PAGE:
Despite growing public opposition, thousands of Afghan tribal elders and other leaders have reached an accord recommending the country’s president to sign a security deal with the United States.
The Grand Council of Afghanistan, Loya Jirga, endorsed the Bilateral Security Agreement with the United States on Sunday.
“Given the current situation… and Afghanistan’s need… the contents of this agreement as a whole is endorsed by the members of this Loya Jirga,” said Fazul Karim Imaq, a deputy of the Loya Jirga said, reading a declaration reached at the end of the four-day meeting of Loya Jirga’s assembly of 50 committees in Kabul.
“The Loya Jirga requests the president to sign the agreement before the end of 2013,” Imaq stated.
Now the deal has to be approved by the parliament to take effect.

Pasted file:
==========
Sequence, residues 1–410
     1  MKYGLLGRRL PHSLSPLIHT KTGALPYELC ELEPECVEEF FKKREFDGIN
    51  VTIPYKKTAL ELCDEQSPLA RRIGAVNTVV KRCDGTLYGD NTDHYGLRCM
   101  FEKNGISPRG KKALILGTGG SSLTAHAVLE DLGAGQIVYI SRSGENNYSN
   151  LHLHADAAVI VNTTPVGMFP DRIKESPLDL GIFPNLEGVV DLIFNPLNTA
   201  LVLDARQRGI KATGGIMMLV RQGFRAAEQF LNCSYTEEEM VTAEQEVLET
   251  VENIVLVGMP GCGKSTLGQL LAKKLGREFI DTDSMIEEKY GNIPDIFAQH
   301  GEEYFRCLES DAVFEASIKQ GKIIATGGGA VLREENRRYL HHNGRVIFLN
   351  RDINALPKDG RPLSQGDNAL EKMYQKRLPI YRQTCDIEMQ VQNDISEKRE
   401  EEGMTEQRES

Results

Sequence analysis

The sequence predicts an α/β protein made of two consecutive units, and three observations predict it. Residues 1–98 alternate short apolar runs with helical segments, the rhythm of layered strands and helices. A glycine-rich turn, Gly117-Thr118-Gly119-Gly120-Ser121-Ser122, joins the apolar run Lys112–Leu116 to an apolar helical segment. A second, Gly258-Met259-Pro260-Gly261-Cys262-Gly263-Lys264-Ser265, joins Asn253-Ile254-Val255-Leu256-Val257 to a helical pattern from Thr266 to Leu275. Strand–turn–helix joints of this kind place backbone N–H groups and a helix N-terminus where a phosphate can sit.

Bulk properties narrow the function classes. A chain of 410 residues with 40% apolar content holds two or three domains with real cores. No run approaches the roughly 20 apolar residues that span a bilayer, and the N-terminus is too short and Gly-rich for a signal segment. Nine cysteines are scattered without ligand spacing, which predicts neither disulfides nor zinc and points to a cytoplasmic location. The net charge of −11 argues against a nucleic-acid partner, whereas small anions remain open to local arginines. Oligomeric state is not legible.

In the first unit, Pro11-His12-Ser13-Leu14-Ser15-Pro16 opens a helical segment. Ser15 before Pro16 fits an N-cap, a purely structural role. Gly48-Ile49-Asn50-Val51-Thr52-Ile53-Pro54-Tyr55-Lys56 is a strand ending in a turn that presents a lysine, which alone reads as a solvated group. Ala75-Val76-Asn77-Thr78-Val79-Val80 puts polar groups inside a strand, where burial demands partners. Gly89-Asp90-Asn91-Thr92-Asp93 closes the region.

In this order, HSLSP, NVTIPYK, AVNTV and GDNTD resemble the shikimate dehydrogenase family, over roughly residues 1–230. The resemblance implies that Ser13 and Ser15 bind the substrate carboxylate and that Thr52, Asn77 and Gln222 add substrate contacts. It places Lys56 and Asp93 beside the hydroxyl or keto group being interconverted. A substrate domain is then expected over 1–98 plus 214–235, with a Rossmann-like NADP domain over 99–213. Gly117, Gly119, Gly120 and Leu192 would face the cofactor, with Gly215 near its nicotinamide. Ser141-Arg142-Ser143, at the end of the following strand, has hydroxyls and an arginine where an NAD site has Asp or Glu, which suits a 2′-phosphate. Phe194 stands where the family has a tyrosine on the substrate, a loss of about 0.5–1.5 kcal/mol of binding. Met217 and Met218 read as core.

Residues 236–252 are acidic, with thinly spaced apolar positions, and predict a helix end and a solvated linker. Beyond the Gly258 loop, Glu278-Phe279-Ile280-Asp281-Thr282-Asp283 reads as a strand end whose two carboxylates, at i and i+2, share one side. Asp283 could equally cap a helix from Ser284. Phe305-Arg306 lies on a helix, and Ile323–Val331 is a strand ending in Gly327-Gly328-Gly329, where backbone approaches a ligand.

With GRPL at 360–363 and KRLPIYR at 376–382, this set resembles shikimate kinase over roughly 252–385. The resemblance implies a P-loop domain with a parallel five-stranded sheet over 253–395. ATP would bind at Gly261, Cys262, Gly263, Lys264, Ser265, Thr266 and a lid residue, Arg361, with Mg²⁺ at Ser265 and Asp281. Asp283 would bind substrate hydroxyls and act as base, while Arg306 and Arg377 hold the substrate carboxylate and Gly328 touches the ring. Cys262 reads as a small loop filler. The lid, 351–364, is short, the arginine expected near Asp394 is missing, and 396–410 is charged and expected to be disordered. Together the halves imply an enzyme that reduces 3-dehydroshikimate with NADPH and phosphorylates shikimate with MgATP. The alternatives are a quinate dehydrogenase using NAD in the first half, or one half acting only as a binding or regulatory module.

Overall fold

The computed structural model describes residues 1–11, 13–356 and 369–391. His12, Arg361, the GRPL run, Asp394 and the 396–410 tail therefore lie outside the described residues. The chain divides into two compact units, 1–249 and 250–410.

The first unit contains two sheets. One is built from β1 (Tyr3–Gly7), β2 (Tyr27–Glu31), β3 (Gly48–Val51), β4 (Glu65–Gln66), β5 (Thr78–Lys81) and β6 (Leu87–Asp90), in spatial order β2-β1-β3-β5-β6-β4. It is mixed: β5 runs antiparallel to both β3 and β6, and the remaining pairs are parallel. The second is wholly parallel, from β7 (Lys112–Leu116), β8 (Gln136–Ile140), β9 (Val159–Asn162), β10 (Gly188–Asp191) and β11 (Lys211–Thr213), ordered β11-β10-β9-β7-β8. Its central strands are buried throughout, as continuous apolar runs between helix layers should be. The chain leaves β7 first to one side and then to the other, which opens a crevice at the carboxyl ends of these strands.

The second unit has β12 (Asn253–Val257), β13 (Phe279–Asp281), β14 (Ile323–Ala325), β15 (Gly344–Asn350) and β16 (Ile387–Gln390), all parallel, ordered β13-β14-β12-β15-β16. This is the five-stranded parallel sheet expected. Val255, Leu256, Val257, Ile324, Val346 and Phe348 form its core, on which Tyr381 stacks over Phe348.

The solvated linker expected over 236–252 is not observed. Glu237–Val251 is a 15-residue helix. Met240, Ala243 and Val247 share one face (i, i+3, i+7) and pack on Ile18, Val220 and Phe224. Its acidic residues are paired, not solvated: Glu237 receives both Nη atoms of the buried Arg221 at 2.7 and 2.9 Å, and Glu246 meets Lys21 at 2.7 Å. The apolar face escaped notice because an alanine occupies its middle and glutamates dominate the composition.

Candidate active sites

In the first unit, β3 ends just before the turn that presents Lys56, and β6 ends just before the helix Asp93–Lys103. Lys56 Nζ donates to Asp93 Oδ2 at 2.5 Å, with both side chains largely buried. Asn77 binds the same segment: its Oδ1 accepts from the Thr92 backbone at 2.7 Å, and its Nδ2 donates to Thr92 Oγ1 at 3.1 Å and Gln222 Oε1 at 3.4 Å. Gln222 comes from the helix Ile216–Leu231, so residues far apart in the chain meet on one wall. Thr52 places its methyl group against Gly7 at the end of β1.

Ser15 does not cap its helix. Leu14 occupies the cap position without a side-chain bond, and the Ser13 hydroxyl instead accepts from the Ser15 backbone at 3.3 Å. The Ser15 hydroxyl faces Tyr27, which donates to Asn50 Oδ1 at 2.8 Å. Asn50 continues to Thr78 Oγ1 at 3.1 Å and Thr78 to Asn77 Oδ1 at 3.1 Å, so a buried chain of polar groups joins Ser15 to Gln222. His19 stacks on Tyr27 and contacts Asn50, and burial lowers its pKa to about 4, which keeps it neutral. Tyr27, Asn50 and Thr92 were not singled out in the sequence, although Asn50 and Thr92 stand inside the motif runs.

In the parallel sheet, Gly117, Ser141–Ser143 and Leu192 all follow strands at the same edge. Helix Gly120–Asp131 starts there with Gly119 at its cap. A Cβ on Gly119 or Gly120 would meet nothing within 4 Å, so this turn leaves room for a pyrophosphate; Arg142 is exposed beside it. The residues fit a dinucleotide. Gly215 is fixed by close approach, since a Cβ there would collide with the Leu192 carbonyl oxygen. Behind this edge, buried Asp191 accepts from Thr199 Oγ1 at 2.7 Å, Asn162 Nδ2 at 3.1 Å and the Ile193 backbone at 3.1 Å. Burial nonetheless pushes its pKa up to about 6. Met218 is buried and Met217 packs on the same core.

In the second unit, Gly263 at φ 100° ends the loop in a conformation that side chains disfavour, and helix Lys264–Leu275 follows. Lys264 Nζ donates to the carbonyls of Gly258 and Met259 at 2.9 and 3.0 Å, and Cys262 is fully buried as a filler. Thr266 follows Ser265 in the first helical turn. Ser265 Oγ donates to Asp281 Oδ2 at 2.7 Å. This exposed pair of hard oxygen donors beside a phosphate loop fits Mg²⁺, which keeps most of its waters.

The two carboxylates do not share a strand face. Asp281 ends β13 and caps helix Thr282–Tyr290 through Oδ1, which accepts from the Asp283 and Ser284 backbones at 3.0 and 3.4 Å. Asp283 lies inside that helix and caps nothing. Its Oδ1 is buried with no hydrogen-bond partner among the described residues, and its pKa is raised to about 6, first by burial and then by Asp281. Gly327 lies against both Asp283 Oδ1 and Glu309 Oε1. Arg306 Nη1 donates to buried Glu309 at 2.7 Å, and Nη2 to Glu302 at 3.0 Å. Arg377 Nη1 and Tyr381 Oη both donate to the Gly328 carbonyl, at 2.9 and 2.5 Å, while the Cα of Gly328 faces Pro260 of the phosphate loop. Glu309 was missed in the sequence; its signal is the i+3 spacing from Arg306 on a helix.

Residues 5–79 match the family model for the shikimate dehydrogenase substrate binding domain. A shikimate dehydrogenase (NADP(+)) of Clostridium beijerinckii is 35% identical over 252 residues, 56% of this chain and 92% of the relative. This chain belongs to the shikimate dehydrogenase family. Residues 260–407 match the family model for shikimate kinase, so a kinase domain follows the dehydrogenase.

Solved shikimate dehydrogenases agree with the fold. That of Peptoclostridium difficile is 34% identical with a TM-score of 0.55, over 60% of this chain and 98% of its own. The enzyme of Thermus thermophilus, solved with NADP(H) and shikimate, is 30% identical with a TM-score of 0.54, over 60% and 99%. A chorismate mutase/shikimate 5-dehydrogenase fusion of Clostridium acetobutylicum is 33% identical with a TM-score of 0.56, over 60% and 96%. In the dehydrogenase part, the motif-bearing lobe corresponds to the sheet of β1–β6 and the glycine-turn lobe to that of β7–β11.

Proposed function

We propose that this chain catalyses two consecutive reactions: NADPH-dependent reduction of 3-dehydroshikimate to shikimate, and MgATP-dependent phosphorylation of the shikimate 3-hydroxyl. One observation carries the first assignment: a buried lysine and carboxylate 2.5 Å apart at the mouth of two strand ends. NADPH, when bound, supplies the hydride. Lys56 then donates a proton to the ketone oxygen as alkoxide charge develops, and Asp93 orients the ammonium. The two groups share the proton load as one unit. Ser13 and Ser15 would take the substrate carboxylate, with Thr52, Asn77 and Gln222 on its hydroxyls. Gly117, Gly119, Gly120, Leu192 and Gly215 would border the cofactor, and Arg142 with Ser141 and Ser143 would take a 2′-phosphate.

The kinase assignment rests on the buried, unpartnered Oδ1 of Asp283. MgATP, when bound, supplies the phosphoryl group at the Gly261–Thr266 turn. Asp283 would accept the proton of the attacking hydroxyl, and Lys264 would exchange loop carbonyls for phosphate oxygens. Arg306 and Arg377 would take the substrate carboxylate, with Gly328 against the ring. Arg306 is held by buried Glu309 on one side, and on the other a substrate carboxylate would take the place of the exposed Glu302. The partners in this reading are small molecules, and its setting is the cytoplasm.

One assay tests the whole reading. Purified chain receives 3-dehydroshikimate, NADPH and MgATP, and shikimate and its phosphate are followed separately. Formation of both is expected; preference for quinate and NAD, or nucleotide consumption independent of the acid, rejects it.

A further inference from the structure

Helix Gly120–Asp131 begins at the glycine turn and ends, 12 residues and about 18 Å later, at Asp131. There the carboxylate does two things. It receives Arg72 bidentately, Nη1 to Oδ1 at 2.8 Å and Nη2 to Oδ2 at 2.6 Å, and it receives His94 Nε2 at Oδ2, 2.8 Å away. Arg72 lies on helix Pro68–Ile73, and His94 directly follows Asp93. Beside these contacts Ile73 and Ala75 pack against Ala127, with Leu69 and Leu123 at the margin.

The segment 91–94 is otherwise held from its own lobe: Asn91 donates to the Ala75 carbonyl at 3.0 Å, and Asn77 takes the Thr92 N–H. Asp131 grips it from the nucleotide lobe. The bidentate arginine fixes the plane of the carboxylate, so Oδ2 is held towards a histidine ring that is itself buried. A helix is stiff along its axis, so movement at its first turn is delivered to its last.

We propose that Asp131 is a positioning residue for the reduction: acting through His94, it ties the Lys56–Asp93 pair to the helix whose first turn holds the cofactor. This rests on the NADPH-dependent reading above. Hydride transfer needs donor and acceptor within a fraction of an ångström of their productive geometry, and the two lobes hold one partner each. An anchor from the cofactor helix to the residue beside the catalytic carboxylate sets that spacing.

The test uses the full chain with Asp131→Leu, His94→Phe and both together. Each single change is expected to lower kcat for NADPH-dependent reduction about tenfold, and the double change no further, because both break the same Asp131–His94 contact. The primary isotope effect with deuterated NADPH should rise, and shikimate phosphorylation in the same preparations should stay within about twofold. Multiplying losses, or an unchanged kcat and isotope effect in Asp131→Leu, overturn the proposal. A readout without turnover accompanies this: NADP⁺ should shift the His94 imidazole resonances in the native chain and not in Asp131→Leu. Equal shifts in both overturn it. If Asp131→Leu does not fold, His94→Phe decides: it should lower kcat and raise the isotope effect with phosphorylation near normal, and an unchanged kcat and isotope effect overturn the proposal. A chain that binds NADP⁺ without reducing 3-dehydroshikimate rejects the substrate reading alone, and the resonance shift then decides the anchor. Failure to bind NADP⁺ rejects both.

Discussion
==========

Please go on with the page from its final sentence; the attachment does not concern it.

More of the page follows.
Afghan President Hamid Karzai said in an address to the opening session of the four-day meeting on November 21 that the deal would not be signed until after the presidential election of April 2014.
The White House reacted to statements and said Karzai’s failure to sign the deal by the end of 2013 would prevent Washington and its allies from planning for the presence of foreign forces in Afghanistan beyond 2014.
The security deal with the United States allows US troops to stay in Afghanistan beyond 2014.
The issue of whether or not to grant legal immunity to American forces was a sticking point in the deal. Kabul considers the immunity a violation of its sovereignty.
Some members of the Grand Council called for an extra US military base to be added in the province of Bamiyan.
Meanwhile, protests were held while the Loya Jirga meeting was underway. Several huge protests have been held in Kabul and other major cities in protest at the deal.
Afghans say the deal between Washington and Kabul will pave the way for a prolonged US military presence in the country.
The United States has more than 43,000 troops in Afghanistan.